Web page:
In one instance, one country involved in foreign military sales showed signs of unease with using video technology for interactions. “And so that's where I think it took some convincing that, “Hey, this is not just a novel idea that we're trying to sell to you. We're using it and we're using it effectively here in the United States.’"
Although pandemic restrictions have gradually fallen away with time, Malone believes that mission impetus must continue. “Probably our biggest challenge is maintaining the momentum and the support for our Army modernization priorities in the work that's being done here,” Malone said.
“Our team is accomplishing the mission. We did not let anything fail as a result of the pandemic. However, inability to come together as a team to travel, to collaborate, it did affect some of our efficiencies and effectiveness during that time. So we need to maintain the momentum of our modernization priorities. And it's a different way of thinking.
“Going forward, we have to continue to do what Picatinny has done throughout its history,” Malone added. “The legacy here was a powder depot that evolved into an energetics arsenal, that then evolved into primarily a research and development organization, but all based on the needs of the nation and the needs of the Army. And those needs constantly evolve. So continue to evolve with it. Don't get stuck in your ways and how you've always done things. And you see examples of that every day. That's the mentality here at Picatinny.”
As the head of the JPEO, Malone witnessed the continued efforts to modernize ammunition plants. The general said the importance of that goal has gained traction with Army leaders and members of Congress who fund such improvements.
“They all see the need and support our desire to modernize those 1940s-era plants with new production equipment that will help separate our workforce from that energetic material and make them safer, and make these facilities more efficient and effective,” Malone said.
Leading the JPEO office, with its wide-ranging portfolio of products, altered Malone’s view of the organization over time as he absorbed more details about its mission.
“I would have to say that few in the Army understand exactly what is done at Picatinny and the expertise of the workforce that is here,” he said of his JPEO subordinates. “But that workforce plays a critical role in supporting the needs of our warfighters. I didn't understand that coming here. I knew that Picatinny was the home of armaments and ammunition, but I had no idea how complex and difficult that was. And it's probably the same mentality of most out there: ‘You just buy ammo, how hard can that be?’
“It's much more complicated than the most people think,” Malone added. “So I would say (to the JPEO workforce), keep doing what you do each and every day, because every time we get leaders to visit here … they leave highly impressed. And you almost always hear them say, ‘I had no idea that you did this here at Picatinny.’"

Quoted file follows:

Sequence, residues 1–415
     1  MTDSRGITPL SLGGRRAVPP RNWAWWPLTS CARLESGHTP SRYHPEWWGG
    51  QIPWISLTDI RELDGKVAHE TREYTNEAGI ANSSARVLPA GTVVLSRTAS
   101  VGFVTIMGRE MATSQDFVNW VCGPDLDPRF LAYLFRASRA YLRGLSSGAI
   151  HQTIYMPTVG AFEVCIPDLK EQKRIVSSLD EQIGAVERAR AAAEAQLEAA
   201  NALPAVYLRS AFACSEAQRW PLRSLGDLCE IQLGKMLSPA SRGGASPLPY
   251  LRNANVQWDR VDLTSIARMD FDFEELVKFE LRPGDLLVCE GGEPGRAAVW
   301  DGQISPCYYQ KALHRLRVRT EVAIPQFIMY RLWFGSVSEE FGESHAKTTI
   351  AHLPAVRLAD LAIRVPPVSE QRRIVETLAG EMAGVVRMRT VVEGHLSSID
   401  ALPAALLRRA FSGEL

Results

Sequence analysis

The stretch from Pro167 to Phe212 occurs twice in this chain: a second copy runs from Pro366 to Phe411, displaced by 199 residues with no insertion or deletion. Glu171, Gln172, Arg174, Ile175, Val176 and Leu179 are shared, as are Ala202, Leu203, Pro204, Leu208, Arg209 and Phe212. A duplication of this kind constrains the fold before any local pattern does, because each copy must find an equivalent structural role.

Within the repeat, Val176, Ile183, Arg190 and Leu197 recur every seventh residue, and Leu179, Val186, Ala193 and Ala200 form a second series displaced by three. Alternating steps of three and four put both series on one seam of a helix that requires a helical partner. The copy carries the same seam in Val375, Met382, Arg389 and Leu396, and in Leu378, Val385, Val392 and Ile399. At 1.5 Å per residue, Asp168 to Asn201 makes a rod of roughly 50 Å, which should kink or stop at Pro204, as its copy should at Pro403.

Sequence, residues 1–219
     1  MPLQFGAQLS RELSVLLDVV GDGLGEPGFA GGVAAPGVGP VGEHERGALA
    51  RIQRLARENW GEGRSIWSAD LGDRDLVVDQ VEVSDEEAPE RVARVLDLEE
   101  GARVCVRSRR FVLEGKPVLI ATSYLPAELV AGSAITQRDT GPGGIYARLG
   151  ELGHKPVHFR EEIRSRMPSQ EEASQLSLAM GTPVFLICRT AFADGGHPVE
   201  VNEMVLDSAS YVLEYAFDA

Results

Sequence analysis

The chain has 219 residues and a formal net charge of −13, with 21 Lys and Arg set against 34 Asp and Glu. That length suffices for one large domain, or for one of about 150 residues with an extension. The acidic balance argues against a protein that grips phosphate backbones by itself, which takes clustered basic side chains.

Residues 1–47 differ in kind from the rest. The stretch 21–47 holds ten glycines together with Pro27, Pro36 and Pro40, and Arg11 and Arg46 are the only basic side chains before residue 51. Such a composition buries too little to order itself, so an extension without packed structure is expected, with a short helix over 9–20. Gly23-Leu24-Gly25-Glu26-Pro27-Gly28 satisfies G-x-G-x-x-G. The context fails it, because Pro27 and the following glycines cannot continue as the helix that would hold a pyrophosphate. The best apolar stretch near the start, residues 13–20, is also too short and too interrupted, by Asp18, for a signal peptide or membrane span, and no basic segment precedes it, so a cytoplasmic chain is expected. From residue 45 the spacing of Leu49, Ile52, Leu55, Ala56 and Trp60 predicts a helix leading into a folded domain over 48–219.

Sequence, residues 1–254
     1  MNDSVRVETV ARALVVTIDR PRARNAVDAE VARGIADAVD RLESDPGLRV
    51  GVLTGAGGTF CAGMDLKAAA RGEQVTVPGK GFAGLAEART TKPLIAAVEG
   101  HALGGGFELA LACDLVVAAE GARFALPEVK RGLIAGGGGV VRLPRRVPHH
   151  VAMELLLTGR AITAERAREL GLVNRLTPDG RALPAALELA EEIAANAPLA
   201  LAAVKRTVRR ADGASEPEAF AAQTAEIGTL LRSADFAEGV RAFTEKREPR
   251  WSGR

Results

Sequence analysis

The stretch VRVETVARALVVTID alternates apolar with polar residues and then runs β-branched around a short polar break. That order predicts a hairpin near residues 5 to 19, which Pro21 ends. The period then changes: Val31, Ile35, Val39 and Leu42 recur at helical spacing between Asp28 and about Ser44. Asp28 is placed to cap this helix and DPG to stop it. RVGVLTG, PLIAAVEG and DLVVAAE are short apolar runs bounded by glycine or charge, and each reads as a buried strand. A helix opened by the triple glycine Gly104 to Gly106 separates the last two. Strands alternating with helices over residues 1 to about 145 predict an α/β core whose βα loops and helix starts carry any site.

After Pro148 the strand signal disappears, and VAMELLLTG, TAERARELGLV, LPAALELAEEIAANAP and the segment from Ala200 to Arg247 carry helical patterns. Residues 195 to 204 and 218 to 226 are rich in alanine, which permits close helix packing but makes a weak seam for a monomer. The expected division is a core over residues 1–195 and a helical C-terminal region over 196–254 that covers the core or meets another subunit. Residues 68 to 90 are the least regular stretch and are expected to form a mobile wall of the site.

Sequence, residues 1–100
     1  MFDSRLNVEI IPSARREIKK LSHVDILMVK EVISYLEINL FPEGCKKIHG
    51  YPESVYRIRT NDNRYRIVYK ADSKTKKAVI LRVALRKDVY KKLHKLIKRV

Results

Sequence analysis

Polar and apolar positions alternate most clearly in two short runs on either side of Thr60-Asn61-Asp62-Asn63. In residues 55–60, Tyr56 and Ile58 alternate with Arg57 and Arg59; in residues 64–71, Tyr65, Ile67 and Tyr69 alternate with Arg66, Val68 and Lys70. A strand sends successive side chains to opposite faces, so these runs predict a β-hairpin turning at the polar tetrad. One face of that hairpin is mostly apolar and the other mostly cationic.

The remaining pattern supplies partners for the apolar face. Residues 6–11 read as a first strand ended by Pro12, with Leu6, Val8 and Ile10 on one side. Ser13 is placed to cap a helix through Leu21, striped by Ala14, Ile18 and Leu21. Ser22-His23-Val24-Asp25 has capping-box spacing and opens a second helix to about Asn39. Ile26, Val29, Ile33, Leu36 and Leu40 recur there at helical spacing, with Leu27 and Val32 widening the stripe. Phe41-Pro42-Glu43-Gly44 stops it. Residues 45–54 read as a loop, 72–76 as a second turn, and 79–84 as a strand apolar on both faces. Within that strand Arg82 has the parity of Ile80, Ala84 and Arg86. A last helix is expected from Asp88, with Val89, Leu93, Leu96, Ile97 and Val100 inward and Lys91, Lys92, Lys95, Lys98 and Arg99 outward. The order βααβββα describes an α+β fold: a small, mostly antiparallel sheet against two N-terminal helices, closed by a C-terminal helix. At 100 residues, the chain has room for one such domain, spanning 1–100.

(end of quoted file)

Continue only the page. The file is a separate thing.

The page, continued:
What advice would Malone give to his successor if asked?
“Being the JPEO and the Senior Commander here is a very complex job,” he said. “There's a lot of responsibilities. So the advice that I would give is balance your time to support both responsibilities. Because they're both critically important. As the Senior Commander here, you are the Army's representative to the local community. And that's so important to maintaining that relationship with the local community.”
Only days remain until Malone’s tenure at Picatinny comes to a close. He will relinquish his duties to Brig. Gen. William Boruff during a July 23 Change of Command ceremony, followed by a retirement ceremony for Malone. The previous day, on July 22, a retirement luncheon will be held for the outgoing general.
What was Malone’s proudest moment during his time at Picatinny?
“Unquestionably, it's the opportunity to lead at this level,” Malone said. “I wouldn't ask to do this again in this (pandemic) environment. I wouldn't ask this or wish this upon anybody. But the opportunity to lead in an extremely challenging times, when there was no script, it’s very rewarding.
“It's been a great privilege to lead an extremely educated and technically proficient workforce, skilled in the field of armaments and ammunition. And having them teach me the craft, if you will, of what they do. I was always challenged to support the mission and support Army modernization priorities. Also, leading a workforce that was thankful to have been given the opportunity to have the safety of the sanctuary of their homes during a pandemic, but also desiring to return to some form of normalcy.”
Malone has no specific plans after retirement. “The responsibilities of this job have kept me too busy to really think much about what I'm going to do after I leave,” he said. “But I do plan to take some time and relax a little bit, and we'll figure it out then.”